Saturday, January 15, 2011

Wes Anderson and Race Relations

By Andrew E. Colarusso

Fantastic Mr. Fox was one of my favorite films of 2009. After having seen Rushmore while madly in love with my fourth grade teacher I can say, in all sincerity, that I am a fan of Wes Anderson's work. I consider him one of the more prolific cinematic auteurs of our generation. Certainly you can disagree. But the "Wes Anderson Aesthetic" is undeniable. So when Fantastic Mr. Fox arrived late in the year I had to see it. And I fell asleep on the shoulder of my friend Molly, occasionally waking up to a fox howling through a field followed by a possum with a sack of dead chickens or some such absurdity. A full yellow moon in a perfectly nightblue sky. It was boring, I thought, but a visual feast. He presents color so well in his films. Speaking of color...

There came a moment in Fantastic Mr. Fox where, having previously acknowledged a phobia of wolves, he encounters a wolf. In the distance, separated by an oddly placed tundra, stands a lone black wolf. Coal black with glowing eyes, which made for a striking chiaroscuro. Mr. Fox attempts to speak to the wolf, shouting over
the distance in several languages. Finally he comes to the conclusion that the wolf doesn't understand. So he raises his fist in a last ditch effort to communicate. The wolf understands this and raises his own fist in acknowledgment (an incredibly charming little scene).

They part ways. The raised fist is an international (arguably American) symbol of social dissent and commitment to the ongoing fight for civil rights. Think of the incredible statement made by John Carlos and Tommie Smith at the 1968 Olympics in Mexico City. This is the Black Power Salute. So Wes Anderson is making light of a struggle older than the constitution itself through the absurd humor of anthropomorphic animals? It's not hard to imagine this image of Mr. Fox and the Lone Wolf as a larger metaphor for race relations. If it is, one may consider it respectful, in a way. Or tolerant, at least. Which is often a politically correct place holder for intolerance. If you're being tolerant--you're patiently eating the shit of the other (it has been said more poetically by a more apt theorist) But it reminded me of Booker T. Washington's 1895 Atlanta Compromise Speech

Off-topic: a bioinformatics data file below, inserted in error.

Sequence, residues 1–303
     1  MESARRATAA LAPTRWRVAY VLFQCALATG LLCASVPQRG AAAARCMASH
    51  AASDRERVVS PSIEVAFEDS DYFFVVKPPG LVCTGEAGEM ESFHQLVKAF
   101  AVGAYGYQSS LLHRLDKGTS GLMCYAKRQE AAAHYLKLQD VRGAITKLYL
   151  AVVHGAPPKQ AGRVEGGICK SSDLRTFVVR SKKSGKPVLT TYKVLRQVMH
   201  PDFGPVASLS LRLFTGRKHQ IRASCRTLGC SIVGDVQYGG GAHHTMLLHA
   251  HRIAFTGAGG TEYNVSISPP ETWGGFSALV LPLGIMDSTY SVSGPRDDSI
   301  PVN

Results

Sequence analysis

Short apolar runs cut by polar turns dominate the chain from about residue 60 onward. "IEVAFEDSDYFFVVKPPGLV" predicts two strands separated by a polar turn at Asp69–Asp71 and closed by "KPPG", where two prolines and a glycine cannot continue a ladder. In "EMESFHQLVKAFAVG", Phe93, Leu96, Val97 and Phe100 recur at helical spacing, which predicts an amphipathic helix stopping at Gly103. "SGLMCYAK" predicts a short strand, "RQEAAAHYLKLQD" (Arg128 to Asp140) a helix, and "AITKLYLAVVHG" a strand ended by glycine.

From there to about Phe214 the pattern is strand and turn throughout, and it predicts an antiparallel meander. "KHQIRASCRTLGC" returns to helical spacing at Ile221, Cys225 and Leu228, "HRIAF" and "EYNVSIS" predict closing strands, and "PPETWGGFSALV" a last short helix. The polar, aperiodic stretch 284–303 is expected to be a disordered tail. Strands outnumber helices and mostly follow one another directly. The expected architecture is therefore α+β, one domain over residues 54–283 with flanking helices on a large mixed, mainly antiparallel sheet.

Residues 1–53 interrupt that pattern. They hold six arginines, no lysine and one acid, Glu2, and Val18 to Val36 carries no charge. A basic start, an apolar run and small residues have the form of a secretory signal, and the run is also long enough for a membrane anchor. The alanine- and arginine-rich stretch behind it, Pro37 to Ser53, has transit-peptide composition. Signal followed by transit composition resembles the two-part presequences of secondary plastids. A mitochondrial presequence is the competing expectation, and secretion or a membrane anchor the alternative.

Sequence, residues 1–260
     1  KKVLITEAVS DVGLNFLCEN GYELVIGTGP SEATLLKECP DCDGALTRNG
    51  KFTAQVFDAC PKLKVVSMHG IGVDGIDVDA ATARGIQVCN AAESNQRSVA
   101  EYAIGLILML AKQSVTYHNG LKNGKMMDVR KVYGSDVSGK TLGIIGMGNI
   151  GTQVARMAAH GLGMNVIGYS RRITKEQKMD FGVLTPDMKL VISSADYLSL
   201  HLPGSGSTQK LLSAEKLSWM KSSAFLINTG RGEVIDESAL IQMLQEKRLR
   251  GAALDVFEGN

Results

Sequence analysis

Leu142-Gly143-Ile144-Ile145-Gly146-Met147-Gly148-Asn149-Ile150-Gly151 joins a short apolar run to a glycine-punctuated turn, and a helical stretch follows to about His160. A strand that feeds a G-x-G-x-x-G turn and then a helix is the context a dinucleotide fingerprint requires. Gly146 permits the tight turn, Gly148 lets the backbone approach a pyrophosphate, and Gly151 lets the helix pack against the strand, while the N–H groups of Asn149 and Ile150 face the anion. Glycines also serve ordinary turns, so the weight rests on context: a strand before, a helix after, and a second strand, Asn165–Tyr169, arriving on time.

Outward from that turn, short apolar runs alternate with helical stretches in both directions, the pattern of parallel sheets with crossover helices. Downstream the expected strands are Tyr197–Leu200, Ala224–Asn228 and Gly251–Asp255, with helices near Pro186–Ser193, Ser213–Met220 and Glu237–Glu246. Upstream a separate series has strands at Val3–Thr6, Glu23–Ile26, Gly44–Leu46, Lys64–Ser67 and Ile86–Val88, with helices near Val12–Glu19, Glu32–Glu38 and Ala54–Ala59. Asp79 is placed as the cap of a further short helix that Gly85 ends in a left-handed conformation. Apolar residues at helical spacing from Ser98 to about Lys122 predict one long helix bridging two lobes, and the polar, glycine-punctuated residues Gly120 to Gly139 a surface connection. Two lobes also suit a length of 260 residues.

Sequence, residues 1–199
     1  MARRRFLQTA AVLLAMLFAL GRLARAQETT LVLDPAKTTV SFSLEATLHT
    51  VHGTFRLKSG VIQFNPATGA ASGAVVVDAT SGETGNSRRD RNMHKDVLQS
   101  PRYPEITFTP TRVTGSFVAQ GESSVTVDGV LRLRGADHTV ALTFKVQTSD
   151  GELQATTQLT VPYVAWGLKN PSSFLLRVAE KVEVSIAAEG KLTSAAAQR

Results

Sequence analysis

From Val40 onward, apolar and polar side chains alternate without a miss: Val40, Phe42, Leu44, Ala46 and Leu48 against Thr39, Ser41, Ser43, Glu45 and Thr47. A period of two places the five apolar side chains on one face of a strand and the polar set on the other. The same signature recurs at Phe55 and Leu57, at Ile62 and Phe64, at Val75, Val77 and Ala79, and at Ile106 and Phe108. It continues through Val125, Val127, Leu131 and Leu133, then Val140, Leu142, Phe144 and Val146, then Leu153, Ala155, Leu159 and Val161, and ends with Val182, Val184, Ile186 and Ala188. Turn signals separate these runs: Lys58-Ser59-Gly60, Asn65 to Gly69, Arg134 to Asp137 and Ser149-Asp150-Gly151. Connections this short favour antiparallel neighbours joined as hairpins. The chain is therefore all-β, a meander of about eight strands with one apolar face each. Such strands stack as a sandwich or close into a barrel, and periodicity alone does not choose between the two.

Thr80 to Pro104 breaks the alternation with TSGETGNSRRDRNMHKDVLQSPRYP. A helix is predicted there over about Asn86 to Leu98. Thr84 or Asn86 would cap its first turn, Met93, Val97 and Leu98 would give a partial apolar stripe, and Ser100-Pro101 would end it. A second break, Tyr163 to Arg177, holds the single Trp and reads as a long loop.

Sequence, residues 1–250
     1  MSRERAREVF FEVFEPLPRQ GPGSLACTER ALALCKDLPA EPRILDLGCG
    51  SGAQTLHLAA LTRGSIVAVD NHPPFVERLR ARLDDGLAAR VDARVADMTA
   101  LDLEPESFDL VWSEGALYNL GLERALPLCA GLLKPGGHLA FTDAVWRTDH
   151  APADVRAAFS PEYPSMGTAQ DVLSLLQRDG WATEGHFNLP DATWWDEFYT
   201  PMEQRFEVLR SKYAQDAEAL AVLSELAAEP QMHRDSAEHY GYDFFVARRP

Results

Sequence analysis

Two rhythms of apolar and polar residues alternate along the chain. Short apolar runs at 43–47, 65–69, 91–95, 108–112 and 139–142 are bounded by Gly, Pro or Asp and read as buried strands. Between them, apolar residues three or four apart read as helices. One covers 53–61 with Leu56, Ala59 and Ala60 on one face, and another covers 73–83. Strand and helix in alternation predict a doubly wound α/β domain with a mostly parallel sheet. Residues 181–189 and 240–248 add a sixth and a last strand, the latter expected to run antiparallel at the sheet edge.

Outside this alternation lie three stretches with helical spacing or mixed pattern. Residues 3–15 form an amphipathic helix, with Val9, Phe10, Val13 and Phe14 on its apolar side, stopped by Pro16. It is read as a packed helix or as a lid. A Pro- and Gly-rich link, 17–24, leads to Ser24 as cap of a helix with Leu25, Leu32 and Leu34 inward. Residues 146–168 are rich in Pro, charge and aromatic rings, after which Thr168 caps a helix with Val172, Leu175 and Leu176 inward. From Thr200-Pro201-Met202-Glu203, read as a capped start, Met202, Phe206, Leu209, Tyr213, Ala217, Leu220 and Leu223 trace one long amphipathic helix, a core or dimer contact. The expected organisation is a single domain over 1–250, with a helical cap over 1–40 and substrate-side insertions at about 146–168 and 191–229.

"In all things that are purely social we can be as separate as the fingers, yet one as the hand in all things essential to mutual progress"

Of course this could be the subject of a major dissertation, but I'll keep it as short as possible. Is Wes Anderson subtly espousing this philosophy of peaceful separation? Of simple tolerance? Of course we shouldn't extrapolate this image in his film to his own personal perspective (Danny Glover's presence in the Royal Tenenbaum's may have been a somewhat autobiographical depiction of Anderson's own stepfather) But is this profound and unexpected image (of Fox and Wolf separate, but equal) a symbol of reactionary ideals? How pervasive has this idea become among the people of our generation?

--Andrew E. Colarusso